Eat It, Conway: Mosaique

Review No. 49: Mosaique Bistro

 

250 Donaghey Ave., Suite 110


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(501) 358-6881

27.3 percent finished reviewing Conway restaurants

The Situation

She Said: I was supposed to be “fasting” (eating 500 calories or fewer for the day), which I usually do on Mondays and Thursdays, partly to offset the effects of these restaurant reviews, but it was the eighth anniversary of my market-research consultancy, and I really, really wanted to celebrate. So I suggested Mosaique for a review meal and a celebratory cocktail, and He Said went for it! I don’t usually like to go to brand new restaurants for reviews—I’m not sure it’s fair as they need time to work out kinks—but I was dying to try this place, so we went for it.

He Said: Happy 8th anniversary, Ariel Strategic! Yes, we actually arrived the first day they were serving from their full menu. Didn’t give them a lot of time to work out the bugs.

 

Ambiance

She Said: I like the look and feel inside Mosaique. First, the wall of windows of Donaghey Center that look out on the campus make the interior light and airy, but the colors they use, the sand tones, whites and browns, are soothing and not overstimulating. They don’t compete with the view, which is beautiful. We sat in a window-side booth, that was very comfortable and felt private, even though the restaurant is very open.
He Said:  Yes, it was very open and while the full bar across the street from Thompson Hall was a wee bit startling to a longtime Conway resident and UCA employee, it was definitely not an unpleasant sight.

 

Drinks

She Said: I was celebrating! So, I went for the white-cranberry cosmopolitan first. This felt like a party in a glass. It was light and fun, not too sugary or sweet, and came delicately presented in a stemless glass. When I finished this, I tried a glass (or two—who’s counting? It’s a party!) of the red draft wine pinot noir they have on offer. It was lovely, and two glasses of it cost as much as the cocktail alone. But I do think they need to offer more wines, specifically cabernet if not malbec, my personal favorite. They only offer more variety in bottled wine. If you want it by the glass, they have one white (pinot grigio) and one red.

He Said: Still trying to avoid caffeine, I went with a Sprite. Got a free refill without asking for it, which was sweet.

 

Food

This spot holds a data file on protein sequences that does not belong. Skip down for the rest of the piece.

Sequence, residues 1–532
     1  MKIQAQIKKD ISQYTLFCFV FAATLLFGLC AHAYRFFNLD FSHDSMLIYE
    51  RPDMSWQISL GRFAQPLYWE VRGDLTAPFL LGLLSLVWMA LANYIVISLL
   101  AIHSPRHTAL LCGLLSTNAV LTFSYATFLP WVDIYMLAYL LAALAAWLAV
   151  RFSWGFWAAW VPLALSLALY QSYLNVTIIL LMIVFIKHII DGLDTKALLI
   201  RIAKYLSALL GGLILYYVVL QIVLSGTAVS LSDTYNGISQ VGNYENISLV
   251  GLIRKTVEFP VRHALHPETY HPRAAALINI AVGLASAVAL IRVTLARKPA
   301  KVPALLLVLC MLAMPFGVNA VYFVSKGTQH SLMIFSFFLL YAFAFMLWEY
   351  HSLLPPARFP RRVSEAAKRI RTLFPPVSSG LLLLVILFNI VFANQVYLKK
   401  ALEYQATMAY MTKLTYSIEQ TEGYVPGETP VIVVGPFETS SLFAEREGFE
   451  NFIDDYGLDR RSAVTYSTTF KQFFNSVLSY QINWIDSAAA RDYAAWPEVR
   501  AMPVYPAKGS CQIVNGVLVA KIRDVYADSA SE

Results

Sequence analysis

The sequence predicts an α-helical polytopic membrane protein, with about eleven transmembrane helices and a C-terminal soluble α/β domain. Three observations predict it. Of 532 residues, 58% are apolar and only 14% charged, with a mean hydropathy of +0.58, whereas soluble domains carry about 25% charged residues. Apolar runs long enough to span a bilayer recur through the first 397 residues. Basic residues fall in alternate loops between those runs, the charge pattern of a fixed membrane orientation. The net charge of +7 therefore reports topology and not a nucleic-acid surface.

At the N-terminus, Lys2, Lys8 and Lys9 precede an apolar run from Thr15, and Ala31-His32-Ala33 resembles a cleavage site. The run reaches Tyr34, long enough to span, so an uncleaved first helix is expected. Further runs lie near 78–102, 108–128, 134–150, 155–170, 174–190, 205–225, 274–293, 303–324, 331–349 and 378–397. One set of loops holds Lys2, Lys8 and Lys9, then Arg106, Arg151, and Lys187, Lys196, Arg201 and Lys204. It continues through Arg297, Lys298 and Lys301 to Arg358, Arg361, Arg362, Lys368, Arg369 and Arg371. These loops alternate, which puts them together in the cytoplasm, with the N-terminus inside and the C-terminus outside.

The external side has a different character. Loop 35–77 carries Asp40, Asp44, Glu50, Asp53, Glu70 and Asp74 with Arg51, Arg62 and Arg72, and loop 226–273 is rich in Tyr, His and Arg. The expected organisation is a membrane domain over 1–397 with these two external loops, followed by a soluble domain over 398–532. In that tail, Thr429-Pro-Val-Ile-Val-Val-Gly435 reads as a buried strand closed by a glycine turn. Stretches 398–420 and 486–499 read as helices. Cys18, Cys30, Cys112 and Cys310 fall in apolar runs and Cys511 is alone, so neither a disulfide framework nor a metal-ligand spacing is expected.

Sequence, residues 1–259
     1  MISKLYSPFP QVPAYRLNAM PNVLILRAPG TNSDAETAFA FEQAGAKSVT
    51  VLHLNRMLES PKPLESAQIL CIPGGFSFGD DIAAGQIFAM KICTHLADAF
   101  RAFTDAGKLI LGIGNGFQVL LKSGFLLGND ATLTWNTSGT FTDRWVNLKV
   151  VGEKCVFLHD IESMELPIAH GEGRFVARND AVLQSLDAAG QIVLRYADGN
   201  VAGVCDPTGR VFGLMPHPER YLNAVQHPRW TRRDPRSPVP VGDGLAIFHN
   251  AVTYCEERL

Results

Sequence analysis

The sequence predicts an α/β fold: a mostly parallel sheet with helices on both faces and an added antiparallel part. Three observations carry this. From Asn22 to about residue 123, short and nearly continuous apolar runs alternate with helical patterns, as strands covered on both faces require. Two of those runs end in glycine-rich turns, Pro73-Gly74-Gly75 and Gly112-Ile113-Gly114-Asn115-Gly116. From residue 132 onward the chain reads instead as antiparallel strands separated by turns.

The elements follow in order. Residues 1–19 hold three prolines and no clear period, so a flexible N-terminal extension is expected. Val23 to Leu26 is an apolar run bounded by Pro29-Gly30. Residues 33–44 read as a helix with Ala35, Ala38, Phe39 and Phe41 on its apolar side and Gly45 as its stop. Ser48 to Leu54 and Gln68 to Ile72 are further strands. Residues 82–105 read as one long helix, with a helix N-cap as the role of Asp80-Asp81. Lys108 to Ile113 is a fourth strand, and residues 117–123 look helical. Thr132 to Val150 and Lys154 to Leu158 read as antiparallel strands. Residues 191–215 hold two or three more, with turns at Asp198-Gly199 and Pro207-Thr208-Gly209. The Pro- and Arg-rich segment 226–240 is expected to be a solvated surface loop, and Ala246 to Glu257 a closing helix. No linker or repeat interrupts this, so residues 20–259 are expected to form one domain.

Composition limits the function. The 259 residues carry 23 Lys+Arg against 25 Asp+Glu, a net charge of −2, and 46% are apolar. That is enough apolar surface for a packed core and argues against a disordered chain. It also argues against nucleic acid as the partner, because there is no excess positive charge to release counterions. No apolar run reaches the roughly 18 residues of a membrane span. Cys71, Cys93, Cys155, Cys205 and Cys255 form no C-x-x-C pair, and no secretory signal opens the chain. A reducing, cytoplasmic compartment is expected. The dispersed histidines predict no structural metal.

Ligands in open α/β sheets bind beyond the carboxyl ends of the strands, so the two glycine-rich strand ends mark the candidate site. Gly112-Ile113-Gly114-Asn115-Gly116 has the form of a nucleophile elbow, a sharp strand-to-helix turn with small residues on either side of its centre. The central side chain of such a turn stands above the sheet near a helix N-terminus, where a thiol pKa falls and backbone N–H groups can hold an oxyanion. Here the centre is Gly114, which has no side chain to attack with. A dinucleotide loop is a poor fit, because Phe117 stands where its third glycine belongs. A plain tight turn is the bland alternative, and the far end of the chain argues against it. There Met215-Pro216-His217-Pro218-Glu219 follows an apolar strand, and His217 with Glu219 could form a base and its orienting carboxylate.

She Said: First, I need to go on the record as wanting to go back to Mosaique because there are so many things on the menu I want to try, and the sandwiches that look so delicious on the menu are not available for supper, so I’ll have to visit for lunch soon for sure. In the end, I chose the “crashed potatoes” appetizer because when I’m indulging, fried potatoes are what I go for every time. This dish is fried potato cakes topped with marinara sauce, mozzarella, Parmesan and crispy bacon. This meant that He Said couldn’t share too much of these with me, though he did have a couple saucy bites. This dish was delicious and the texture was perfect, crispy on the outside and soft, flaky taters inside. The coating was a little thick for me, but it was still tasty, and the topping, even with the tomato-based sauce, which isn’t my personal favorite, was seasoned enough that the tomato flavor was just part of the chorus, not the soloist.

For a side, we wanted the spicy pan-fried Brussels sprouts (greens, healthy greens!), but the waitress explained to us that since they were just opening, they did not have those that night, so instead we went with the “equally healthy” sweet potato fries (see the theme here?). They were very tasty and came with a maple-syrup sauce that made them as addictive as crack and definitely edged out any thoughts of dessert I’d had when I sat down. If you do nothing soon but come here for drinks, get these to share and go for it.

For my entrée, I chose the lobster and dumplings, which is Maine lobster meat and handmade dumplings tossed in a truffle cream sauce, flavored with leeks and mushrooms. This was the bomb-diggity, very rich and tasty, satisfying and filling with a very pleasant medley of flavors. I did think it may have been a little light on the lobster, which meant it was heavy on the fat in the cream and the carbs in the dumplings, but I would order this again, and I look forward to doing so.